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At the Russian River, watch out for the bears -- and the rangers

  • Author: Craig Medred
  • Updated: September 27, 2016
  • Published June 21, 2011

If you go to the Russian River, don't go in the woods. There are bears in the woods, and even worse now there are rangers armed with tickets in the woods.

The latter announced Tuesday they would begin ticketing people who go in the woods.

Stephen Miller, deputy manager for the Kenai National Wildlife Refuge, said he has ordered this to make sure people stay out of the woods.

"A temporary closure of all public entry is in effect in the forested area on the north side of Kenai River near the Kenai-Russian River Ferry,'' he said in a press release. "The closure has been enacted due to heightened bear activity in the immediate area."

Anglers, who flock to the Kenai-Russian confluence to try to catch red salmon this time of year, will be allowed to continue fishing from the open shoreline below the woods. There is a 20- or 25-foot wide swath of beach between the spruce trees and the green water of the glacial river. Hopefully, the bears will stay in the woods.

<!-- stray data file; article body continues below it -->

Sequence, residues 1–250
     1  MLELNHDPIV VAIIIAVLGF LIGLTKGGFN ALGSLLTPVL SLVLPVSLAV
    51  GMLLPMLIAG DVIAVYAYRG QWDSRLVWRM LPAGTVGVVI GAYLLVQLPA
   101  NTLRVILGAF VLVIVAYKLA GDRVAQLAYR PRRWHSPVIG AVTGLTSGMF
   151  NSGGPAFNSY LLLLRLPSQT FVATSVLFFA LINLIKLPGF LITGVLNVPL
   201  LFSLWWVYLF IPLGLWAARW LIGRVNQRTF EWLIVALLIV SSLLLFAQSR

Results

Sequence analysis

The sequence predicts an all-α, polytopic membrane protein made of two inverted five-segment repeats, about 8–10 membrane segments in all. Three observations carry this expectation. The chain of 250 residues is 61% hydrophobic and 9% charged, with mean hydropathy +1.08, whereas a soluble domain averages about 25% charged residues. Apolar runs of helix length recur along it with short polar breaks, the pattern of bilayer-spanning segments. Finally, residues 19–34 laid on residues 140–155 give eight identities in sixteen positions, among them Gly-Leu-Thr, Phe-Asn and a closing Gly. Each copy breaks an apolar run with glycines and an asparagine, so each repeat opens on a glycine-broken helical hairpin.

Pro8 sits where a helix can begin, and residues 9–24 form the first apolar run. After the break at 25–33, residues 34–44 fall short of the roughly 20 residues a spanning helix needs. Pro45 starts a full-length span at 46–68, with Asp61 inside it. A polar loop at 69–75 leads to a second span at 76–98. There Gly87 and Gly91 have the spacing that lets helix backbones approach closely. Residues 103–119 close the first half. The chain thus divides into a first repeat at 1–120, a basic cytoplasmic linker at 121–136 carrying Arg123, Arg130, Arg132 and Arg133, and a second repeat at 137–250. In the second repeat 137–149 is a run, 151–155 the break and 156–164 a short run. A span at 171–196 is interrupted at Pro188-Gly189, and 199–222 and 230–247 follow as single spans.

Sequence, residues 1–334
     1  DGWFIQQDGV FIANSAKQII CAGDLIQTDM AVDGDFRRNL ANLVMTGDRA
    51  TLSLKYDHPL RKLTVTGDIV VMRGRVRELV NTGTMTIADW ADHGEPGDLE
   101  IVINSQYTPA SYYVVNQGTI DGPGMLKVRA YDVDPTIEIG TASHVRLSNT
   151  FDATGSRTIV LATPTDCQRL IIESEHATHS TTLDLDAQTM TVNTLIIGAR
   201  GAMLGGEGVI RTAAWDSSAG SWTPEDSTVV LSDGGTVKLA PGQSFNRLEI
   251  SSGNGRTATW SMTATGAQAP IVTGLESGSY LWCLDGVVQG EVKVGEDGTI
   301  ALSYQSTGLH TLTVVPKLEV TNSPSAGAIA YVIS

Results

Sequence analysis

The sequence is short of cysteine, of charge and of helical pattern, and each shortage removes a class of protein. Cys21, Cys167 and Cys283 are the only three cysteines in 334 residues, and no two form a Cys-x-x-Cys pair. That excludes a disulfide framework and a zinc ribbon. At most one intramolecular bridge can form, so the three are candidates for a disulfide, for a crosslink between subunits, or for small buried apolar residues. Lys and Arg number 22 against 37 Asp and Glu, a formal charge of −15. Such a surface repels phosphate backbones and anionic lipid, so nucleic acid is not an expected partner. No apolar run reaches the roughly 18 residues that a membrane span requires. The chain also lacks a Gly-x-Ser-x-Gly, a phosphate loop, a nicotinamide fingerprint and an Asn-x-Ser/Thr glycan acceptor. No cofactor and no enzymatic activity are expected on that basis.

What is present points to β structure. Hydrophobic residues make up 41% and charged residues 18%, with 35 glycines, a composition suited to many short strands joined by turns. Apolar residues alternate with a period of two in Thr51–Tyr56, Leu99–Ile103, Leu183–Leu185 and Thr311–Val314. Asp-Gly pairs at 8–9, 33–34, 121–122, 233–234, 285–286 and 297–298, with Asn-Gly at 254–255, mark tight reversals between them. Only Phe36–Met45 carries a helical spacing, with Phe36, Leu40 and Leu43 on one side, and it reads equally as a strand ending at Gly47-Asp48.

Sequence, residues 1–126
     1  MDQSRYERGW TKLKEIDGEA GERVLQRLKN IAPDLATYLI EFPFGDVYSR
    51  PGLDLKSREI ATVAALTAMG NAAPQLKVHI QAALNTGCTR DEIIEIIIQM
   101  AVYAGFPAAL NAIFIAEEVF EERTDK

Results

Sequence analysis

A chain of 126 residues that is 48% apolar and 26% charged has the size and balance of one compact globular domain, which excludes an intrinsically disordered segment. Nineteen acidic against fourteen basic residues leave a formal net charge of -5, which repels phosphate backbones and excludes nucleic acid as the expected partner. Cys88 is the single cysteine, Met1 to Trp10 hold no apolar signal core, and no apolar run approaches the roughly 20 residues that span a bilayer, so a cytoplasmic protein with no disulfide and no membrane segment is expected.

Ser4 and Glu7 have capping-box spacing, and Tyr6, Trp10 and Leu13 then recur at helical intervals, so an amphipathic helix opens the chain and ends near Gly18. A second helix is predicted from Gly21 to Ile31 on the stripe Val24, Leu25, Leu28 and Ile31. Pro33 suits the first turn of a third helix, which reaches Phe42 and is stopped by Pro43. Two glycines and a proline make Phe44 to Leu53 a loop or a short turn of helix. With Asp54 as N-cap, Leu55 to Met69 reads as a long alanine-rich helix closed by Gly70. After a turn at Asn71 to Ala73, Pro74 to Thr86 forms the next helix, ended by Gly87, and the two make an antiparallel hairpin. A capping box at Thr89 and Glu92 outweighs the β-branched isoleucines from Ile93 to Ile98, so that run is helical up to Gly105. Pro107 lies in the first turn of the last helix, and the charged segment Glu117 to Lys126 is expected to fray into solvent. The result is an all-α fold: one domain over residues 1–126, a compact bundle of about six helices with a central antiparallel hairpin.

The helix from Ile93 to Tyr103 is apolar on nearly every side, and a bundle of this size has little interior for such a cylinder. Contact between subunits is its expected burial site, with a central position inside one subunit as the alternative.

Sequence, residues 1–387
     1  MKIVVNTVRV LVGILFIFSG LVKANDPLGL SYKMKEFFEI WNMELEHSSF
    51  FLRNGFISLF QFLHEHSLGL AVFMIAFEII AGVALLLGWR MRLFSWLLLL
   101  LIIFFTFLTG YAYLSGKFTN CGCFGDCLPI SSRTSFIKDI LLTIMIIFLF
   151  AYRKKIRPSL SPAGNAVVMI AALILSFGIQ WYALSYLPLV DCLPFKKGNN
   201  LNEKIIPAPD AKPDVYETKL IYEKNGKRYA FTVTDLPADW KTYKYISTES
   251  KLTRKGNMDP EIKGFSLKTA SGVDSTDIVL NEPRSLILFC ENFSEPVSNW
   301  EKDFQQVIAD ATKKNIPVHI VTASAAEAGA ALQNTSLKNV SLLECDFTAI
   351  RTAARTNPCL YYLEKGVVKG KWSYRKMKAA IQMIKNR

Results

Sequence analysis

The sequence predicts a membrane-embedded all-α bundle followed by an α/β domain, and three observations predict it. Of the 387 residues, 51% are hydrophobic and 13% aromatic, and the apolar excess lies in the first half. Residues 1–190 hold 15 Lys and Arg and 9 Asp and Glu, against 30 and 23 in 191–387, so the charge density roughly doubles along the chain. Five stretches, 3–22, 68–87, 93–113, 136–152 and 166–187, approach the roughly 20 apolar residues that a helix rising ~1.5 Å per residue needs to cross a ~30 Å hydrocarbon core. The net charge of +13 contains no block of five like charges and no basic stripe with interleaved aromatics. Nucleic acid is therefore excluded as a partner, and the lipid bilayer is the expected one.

According to the press release, "the closed area encompasses approximately 29 acres near the Russian River Ferry." Apparently, the U.S. Fish and Wildlife Service believes the bears, which roam ranges that cover hundreds of acres, are only a threat when then are in the 29-acre box. The closed area is reportedly signed. The signs are for the people.

"The goals of this closure are to reduce human/bear conflict and minimize the risk of harm to people and bears,'' according to the press release. "Sows with cubs have been observed using the wooded area. Persons who enter the closed area are subject to apprehension and citations by refuge officers or other law enforcement personnel in the area.The closure will remain in effect until July 21, 2011, unless rescinded earlier or extended for cause."

The press release does not address the question of why the federal Fish and Wildlife Service would want to encourage a sow grizzly to teach her cubs that it is OK to hang out around people. That sort of cub training has led to problems on the Kenai in the past. The release says anyone with questions about this should direct them to Janet Schmidt, the supervisory park ranger at (907) 398-9616.

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